Yesterday, the Michelin-starred chef, Heston Blumenthal, was granted decree nisi in his divorce from his wife of 28 years, Zanna. The pair’s determination to agree on a financial settlement outside the court is a shining example of a couple resolving their financial matters autonomously and amicably.
The Telegraph reports that Zanna (Susanna), 52, and Heston, 50, met as teenagers when he was working as a credit controller and she was a nurse. They married in 1989 and now have three adult children: Jack, Jessie and Joy. The couple separated in August 2011 and Zanna now lives in Marlow and Heston in Barnes.
Remarkably, the parties, who wish to remain friends, spent six years sorting through their finances and legal fees before petitioning for divorce. This was no mean feat as, together, the pair transformed the 450-year-old Fat Duck restaurant in Bray into one of the top eateries in the world. In 2005, The Fat Duck was in fact voted Number One in the World’s 50 Best Restaurants, despite its fame for dishing out snail porridge. Heston also owns a chic restaurant called Dinner in London and Melbourne.
However, with three children, the business assets were not the only contribution to consider. In an interview with Woman & Home, Zanna described herself as “pretty much as single parent” as Heston spent such a huge proportion of his time working. Having once been hailed by Heston as the reason for his success, Zanna is entitled to half of the fortune built up during the marriage as UK courts make no discrimination between the contributions of the homemaker and breadwinner.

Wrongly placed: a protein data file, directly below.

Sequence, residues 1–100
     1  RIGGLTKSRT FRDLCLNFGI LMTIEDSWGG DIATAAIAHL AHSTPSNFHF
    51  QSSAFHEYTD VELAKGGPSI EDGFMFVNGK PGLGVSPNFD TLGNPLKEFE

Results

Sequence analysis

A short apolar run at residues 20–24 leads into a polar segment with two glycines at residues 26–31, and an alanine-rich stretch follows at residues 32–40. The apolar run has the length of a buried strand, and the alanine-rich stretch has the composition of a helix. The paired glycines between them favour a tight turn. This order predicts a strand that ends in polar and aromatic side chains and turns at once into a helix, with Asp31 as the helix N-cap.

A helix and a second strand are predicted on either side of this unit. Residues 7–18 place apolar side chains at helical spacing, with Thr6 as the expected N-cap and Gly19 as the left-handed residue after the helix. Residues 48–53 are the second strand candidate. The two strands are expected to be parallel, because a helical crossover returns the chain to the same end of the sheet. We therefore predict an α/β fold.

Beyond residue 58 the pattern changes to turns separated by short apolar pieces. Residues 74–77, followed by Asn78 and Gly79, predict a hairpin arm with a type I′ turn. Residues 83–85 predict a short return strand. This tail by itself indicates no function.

Once the couple were each content with their sums, Zanna went ahead with the divorce proceedings. Satisfied that her petition was sound, District Judge Anne Hudd of Central Family Court did not hesitate to grant the pair, who were not present at the hearing, a decree nisi. She reportedly commented that Zanna was “entitled to a decree of divorce, the marriage having irretrievably broken down, the facts found proved being two years' separation with consent”.
By organising the finances between each other outside the court, the Blumenthals have avoided the difficulties and drama of court-ordered financial settlements. Assuming that both parties were totally honest about all the assets involved, their commitment to dividing the finances independently will enable them to conclude proceedings smoothly. However, for couples where one party is reluctant to give full and frank disclosure, or where the split is acrimonious, this method is unlikely to offer a successful solution without the security of court orders and sanctions.
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